Monday, January 17, 2011

I Can't Really Be Sick If I Could Do THAT Ride...

I haven't really been on the bike since the mysterious Female Troubles started over a month ago. The last time I did a long ride, 5 weeks ago, it was 45 miles. My plan at the time was to go 5 miles longer every weekend, until I was up to a century or maybe up to Ironman distance. Not that I had a century planned, or an Ironman, I just wanted to see if I could actually go that far.

This whole weekend Tim and I were throwing around the idea of a long ride for today, Monday, since it is a holiday and the weather... Oh, God, the weather. It is like a beautiful dream. It is like the Garden of Eden. Every morning starts out chilly, but then the sun comes up. Every sunrise the last week or so has been phenomenal. It warms up nicely into the 70's. Birds sing. People wear shorts and T-shirts. Being inside is a crime. Anyway, the outlook for a bike ride today was looking pretty shabby at 11:00 a.m. Both of us were awake, but just barely. We'd stuffed ourselves with banana pancakes and were each glued to our respective computers checking up on all the meaningless crap we always check up on. Tim mentioned something about a ride. I mentioned something about the front yard needing to be weeded. I didn't feel like riding, or weeding the yard either. I had tried a ride about a week ago. The plan was to go ride to the Y and swim. I got not even a quarter-mile down the road and had such bad abdominal pain I had to get off the bike and hobble home holding my stomach, then lie in bed with heat on it for the next several hours. So naturally I was afraid to try a ride again, especially since the number of miles we had talked about was 50. Gack. 50 is technically where I left off, but that was, like I said, 5 weeks ago. I ran Phoneline on Saturday; surely that deserved at least 3 recovery days in my present state of health?

Then I realized that if I stayed home I was not going to weed. I was going to hang out at the computer not doing anything useful, and maybe take a stab at trying to do some dog training, while Tim hung out at his computer and both of us silently started hating ourselves for being such lazy slobs and started resenting each other for not dragging each other's lazy asses out the door. I swear, didn't I just talk not even 48 hours ago about how every day you can exercise is a gift and you should never take it for granted? Tim had to do some convincing, but at last I got into my bike clothes, grumbling the whole time. I am now so lazy about bike maintenance that I won't even check my own tires, and I also won't put air in them either, so Tim did that too. Even though I hadn't been in any pain whatsoever earlier in the morning, the instant I agreed to a bike ride it started to hurt. I was so cranky as I got on the bike that I didn't even want to talk to Tim. I took one last look at the yard that wasn't going to get weeded and made a smart-ass comment about it, which Tim ignored.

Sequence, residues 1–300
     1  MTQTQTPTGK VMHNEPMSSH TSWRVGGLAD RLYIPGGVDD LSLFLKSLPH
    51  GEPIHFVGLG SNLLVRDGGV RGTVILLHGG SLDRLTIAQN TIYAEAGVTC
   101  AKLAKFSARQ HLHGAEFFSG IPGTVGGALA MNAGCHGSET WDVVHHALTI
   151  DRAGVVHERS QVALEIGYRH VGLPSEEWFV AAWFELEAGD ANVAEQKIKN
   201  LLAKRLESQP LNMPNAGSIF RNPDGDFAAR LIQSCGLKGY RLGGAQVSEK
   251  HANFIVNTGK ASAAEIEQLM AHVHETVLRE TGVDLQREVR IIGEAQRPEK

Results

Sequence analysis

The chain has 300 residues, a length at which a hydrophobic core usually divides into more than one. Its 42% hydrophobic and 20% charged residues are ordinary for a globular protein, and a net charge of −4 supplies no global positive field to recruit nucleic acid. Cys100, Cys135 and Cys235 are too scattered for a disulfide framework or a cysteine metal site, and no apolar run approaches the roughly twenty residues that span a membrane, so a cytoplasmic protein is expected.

We rode two miles up the Santa Cruz path and I informed Tim that I was probably going to have to quit because my abdomen hurt so bad. He asked if I wanted to go back and I grumbled, "No." By the time we got downtown, the amazing weather was working its charms on me and I was in a much better mood. The pain seems to have a direct relationship to my mood -- when I'm cranky, it hurts; when things are going well, it doesn't. I could still feel it but it wasn't getting any worse. The doctor did say it was fine to do any activities as long as I physically could. So I decided to keep on going, since one of my main beliefs is that you should not let pain stop you from doing anything as long as you're not actually causing damage.

We headed out on the Aviation Bikeway. Have I mentioned it was gorgeous today? By the way, Tim is the one who was really crazy to want to do this ride. He has a mountain bike that weighs twice as much as my road bike, and he hasn't done anything over like 15 at a time for... a long time. But he said he was doing okay and wanted to keep going. We decided to ride to Saguaro East and then see if we felt like going around the loop. Privately I doubted it. But when we got there I felt not just okay, but great. Honestly, I felt like we had done about five miles. Actually we had done almost 30.